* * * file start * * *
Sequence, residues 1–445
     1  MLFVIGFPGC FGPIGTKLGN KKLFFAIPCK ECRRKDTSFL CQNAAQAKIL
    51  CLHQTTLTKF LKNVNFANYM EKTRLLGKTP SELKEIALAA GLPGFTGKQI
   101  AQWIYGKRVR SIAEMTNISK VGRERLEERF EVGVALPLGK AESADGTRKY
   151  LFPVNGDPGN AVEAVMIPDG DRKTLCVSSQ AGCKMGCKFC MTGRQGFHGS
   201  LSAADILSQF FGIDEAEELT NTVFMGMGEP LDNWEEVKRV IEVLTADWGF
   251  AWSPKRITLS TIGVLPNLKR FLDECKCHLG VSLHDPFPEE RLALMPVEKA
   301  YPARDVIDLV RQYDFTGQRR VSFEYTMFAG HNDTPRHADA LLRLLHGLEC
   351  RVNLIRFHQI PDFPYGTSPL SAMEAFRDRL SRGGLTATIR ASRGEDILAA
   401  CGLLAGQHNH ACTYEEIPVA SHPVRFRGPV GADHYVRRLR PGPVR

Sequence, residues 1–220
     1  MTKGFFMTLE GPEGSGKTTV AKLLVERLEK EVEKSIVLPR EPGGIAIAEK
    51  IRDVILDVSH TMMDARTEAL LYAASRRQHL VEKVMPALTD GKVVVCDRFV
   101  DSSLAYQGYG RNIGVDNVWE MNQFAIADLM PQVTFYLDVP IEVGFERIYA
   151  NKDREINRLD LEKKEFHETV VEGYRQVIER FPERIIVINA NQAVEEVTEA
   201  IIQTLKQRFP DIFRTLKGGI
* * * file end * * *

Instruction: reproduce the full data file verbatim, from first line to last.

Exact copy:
Sequence, residues 1–445
     1  MLFVIGFPGC FGPIGTKLGN KKLFFAIPCK ECRRKDTSFL CQNAAQAKIL
    51  CLHQTTLTKF LKNVNFANYM EKTRLLGKTP SELKEIALAA GLPGFTGKQI
   101  AQWIYGKRVR SIAEMTNISK VGRERLEERF EVGVALPLGK AESADGTRKY
   151  LFPVNGDPGN AVEAVMIPDG DRKTLCVSSQ AGCKMGCKFC MTGRQGFHGS
   201  LSAADILSQF FGIDEAEELT NTVFMGMGEP LDNWEEVKRV IEVLTADWGF
   251  AWSPKRITLS TIGVLPNLKR FLDECKCHLG VSLHDPFPEE RLALMPVEKA
   301  YPARDVIDLV RQYDFTGQRR VSFEYTMFAG HNDTPRHADA LLRLLHGLEC
   351  RVNLIRFHQI PDFPYGTSPL SAMEAFRDRL SRGGLTATIR ASRGEDILAA
   401  CGLLAGQHNH ACTYEEIPVA SHPVRFRGPV GADHYVRRLR PGPVR

Sequence, residues 1–220
     1  MTKGFFMTLE GPEGSGKTTV AKLLVERLEK EVEKSIVLPR EPGGIAIAEK
    51  IRDVILDVSH TMMDARTEAL LYAASRRQHL VEKVMPALTD GKVVVCDRFV
   101  DSSLAYQGYG RNIGVDNVWE MNQFAIADLM PQVTFYLDVP IEVGFERIYA
   151  NKDREINRLD LEKKEFHETV VEGYRQVIER FPERIIVINA NQAVEEVTEA
   201  IIQTLKQRFP DIFRTLKGGI